The title of this week’s concert by the San Francisco Symphony (SFS) at Davies Symphony Hall, which received its first performance last night, is Music for a Modern Age. It is unclear just what that meant, since the music on the program spanned an entire century, from 1906 (Charles Ives’ “From the Steeples and the Mountains”) to 2016, the West Coast premiere of the setting by conductor Michael Tilson Thomas (MTT) of Carl Sandburg’s poem “Four Preludes on Playthings of the World.” Furthermore, to add to the confusion over just what, if anything, the overall theme was, this was one of those evenings dominated by projection screens, stage directors, and choreography. Those who came to listen to the music quickly found themselves in the center of a massive battle for attention.
Regardless of any of the intentions behind the overall programming, the winner of that battle would have to be director and choreographer Patricia Birch. Her life span may not be as wide as last night’s repertoire (her Wikipedia page does not give her date of birth); but she was in the original production of West Side Story. By 1975 her resume included choreography for You’re a Good Man, Charlie Brown, Grease, and A Little Night Music. A high point of her past work with MTT and SFS was the full-evening show The Thomashefskys: Music and Memories of a Life in the Yiddish Theatre.
Last night she closed out the evening with a staging of George Antheil’s “A Jazz Symphony,” which she developed with MTT. This was the major composition on a recent recording discussed on this site this past Thursday. It would be fair to say that Antheil’s music was neither jazz nor a symphony; but it may be the most musical reflection on that cultural milieu known as “The Jazz Age” conceived by a composer. Birch cooked up a series of dynamite dance routines focused on a pair of flappers (Kiva Dawson and Erin Moore); and both music and dance were embedded in some highly imaginative video work by Clyde Scott.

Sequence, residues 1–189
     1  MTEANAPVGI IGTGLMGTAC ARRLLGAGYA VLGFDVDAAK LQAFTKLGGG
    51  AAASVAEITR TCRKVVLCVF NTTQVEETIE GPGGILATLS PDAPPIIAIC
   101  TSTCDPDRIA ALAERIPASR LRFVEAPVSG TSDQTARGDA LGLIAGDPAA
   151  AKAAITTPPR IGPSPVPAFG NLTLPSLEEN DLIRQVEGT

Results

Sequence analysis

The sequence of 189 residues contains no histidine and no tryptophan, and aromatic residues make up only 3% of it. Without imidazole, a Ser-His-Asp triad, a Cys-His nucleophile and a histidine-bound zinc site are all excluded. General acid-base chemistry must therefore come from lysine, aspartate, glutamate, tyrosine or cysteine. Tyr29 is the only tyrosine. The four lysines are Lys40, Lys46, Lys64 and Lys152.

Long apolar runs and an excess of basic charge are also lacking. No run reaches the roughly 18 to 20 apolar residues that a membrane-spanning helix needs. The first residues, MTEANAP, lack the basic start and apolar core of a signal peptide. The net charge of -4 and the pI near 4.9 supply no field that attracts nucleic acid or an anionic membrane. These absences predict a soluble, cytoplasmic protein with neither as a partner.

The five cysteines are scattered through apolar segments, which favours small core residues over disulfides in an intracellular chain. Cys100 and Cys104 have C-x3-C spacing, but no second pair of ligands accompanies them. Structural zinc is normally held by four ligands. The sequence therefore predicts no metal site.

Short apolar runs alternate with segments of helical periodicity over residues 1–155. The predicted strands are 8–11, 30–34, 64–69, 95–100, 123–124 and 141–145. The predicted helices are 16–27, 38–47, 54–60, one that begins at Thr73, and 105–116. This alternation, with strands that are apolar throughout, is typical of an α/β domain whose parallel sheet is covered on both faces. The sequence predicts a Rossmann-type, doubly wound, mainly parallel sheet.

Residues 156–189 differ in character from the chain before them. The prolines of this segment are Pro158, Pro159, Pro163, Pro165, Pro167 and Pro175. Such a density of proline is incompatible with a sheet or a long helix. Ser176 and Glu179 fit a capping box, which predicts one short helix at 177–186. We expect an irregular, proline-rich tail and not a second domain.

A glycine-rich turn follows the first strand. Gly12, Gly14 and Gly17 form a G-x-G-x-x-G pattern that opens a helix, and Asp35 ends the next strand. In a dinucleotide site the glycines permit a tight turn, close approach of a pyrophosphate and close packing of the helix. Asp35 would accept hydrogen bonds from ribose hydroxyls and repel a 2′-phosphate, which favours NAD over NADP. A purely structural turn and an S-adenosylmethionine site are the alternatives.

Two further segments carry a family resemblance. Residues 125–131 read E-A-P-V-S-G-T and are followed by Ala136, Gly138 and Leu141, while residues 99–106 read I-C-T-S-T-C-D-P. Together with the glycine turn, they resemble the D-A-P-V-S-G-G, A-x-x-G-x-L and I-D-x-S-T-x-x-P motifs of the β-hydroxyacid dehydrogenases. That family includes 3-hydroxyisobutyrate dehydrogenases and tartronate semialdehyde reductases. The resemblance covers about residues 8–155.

Since Birch was experienced in working with the Davies stage, she knew how she could use the space to best advantage. However, where theatre directors often achieve their most striking results when they break down that “fourth wall” (separating the audience from the stage), Birch used the raucous qualities of Antheil’s music as inspiration to break down the wall around the musicians. Thus we had Dawson flirting with solo pianist Peter Dugan (sometimes in ways making one wonder how he was still able to execute all of Antheil’s demands):
courtesy of the San Francisco Symphony
More impressive was how Moore took the four players at the rear of the first violin section and turned them into her “supporting chorus,” teaching them their moves and then parading them to different areas of the stage. (The empty chairs were quickly replaced by four other violinists. Antheil’s piece requires a very large ensemble; and the first violin section needed to maintain its balance.)
The whole affair was a delightfully memorable hoot, unless you were there to listen to Antheil’s music. As was discussed earlier this week, there is no shortage of wit in the composer’s score. Some of it was quickly apparent, particularly in some of Dugan’s solo work (before he became distracted). However, there are no end of playful devils in the details of this music; and there were just too many demands on attention to give those devils the due they deserved.